Hammerson Plc wrote down the value of its malls and stores by almost 2 billion pounds ($2.8 billion) after the pandemic triggered the greatest fall in rental income in the companys history.
Rent collected from the landlords malls and retail parks plunged by 41% last year as retailers were forced to close across the U.K., France and Ireland, the company said in its 2020 earnings
statement Friday. That triggered a near 24% collapse in the value of its portfolio.
U.K. main street retailers were already struggling before the coronavirus hit, due to a combination of online shopping, high property taxes and rising costs. The closures brought about by the pandemic turned that struggle into a crisis, forcing dozens of the countries biggest retailers into bankruptcy.
Our immediate focus in 2021 is leading Hammerson through Covid-19 to safety, Chief Executive Officer Rita-Rose Gagne said in the statement. This means further disposals to strengthen the balance sheet, managing refinancing, and sharpening our operations to maximize income.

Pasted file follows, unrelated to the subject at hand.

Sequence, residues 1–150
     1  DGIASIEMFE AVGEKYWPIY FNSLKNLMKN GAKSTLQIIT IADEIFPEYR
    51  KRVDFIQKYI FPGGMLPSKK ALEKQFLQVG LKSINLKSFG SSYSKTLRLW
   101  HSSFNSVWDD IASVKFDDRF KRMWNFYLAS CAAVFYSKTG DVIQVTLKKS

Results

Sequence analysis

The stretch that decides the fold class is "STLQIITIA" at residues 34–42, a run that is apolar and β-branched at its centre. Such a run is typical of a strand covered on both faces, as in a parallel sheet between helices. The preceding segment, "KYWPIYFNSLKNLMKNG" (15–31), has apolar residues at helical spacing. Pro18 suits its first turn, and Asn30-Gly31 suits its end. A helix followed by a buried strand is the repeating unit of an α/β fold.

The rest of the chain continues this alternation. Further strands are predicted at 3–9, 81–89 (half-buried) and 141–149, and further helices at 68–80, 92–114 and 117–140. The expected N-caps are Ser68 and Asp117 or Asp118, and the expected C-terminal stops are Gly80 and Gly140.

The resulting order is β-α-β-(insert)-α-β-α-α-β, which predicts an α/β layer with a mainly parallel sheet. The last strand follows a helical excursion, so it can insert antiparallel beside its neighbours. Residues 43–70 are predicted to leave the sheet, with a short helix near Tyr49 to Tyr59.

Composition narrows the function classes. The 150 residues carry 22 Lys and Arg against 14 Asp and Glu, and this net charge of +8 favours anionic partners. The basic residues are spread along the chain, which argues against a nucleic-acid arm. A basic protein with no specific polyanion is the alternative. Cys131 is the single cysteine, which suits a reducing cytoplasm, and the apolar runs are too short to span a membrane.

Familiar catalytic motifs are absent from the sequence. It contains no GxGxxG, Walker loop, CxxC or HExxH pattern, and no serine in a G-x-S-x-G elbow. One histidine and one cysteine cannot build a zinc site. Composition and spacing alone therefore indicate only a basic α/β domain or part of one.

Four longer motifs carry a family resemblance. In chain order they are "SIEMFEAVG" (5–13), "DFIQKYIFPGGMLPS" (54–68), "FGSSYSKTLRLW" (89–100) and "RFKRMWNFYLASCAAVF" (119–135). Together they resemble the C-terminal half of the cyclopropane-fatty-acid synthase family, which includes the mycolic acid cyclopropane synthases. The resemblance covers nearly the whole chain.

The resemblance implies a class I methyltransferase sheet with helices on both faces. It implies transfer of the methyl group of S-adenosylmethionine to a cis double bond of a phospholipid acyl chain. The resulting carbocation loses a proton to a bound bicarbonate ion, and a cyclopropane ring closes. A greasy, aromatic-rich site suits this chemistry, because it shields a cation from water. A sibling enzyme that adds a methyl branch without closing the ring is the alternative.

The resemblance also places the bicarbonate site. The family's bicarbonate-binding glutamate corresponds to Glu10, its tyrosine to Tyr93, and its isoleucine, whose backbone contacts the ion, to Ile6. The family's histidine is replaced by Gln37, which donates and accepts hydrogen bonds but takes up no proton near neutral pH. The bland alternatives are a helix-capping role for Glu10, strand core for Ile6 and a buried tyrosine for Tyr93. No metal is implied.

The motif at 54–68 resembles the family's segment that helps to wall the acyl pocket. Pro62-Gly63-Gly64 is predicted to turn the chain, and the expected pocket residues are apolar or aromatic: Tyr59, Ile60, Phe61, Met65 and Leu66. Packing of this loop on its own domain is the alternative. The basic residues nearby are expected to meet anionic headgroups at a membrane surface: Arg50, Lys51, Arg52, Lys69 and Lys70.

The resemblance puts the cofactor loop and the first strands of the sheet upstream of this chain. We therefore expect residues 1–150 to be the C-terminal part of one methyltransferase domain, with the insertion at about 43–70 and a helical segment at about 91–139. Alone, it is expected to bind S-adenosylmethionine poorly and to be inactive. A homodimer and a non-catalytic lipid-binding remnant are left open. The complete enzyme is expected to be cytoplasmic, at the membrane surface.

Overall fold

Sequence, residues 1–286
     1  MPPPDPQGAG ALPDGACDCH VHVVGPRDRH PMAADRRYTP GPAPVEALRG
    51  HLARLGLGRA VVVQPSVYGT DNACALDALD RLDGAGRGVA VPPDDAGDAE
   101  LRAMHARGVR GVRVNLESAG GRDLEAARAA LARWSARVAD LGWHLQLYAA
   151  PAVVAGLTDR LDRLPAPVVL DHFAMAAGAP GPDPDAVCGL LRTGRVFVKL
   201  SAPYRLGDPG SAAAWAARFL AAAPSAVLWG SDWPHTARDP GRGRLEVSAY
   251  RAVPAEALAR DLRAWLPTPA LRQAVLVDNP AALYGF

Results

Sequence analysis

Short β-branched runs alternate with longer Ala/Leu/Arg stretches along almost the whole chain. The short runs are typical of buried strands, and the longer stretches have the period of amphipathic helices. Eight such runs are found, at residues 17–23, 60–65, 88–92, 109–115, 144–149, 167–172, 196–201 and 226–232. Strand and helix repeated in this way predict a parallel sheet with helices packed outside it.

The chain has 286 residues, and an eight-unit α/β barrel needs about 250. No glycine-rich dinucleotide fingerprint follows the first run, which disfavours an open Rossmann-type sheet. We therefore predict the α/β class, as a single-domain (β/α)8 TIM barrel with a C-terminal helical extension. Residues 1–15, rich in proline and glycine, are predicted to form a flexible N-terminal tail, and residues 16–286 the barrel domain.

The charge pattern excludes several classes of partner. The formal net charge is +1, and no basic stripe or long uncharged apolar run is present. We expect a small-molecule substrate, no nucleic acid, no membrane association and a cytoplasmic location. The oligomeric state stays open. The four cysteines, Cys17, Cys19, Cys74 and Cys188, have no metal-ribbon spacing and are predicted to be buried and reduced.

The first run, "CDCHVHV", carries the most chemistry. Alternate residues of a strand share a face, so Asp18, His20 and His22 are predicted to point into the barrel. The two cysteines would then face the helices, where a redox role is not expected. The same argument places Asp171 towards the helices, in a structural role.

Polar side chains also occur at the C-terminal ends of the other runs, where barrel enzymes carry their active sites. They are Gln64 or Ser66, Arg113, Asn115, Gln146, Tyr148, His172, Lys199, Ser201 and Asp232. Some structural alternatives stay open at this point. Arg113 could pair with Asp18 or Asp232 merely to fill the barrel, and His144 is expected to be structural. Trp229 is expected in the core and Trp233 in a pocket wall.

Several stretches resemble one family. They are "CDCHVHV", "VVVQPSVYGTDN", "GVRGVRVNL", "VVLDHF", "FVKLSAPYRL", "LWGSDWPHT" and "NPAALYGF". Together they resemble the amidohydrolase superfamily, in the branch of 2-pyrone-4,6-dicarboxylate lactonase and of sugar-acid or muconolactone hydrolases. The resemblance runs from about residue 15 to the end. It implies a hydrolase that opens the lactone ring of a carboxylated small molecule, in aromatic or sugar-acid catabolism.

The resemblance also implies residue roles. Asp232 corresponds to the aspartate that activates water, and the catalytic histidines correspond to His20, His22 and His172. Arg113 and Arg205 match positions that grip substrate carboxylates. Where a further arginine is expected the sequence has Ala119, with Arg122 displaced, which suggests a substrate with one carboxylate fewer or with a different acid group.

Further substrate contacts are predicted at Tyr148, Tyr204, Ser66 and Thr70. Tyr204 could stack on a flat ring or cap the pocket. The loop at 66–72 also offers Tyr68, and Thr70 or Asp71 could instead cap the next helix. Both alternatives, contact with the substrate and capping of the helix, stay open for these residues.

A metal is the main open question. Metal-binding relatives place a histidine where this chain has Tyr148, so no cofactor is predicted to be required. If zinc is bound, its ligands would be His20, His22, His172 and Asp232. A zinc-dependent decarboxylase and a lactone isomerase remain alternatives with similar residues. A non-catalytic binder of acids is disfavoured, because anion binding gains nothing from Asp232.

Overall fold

The companys U.K. flagship malls were hardest hit, with values falling almost 36%, more than double the decline for its French and Irish centers. Value Retail, the companys designer outlets business, was more resilient with a 6.2% drop.
The collapse in values forced Hammerson to a 1.7 billion pound loss and increased its portfolios loan to value ratio to 46%. The company has sold stakes in two French malls so far this year as it continues to shed assets in an attempt to cut debt.
(Updates with mall declines in 5th paragraph)
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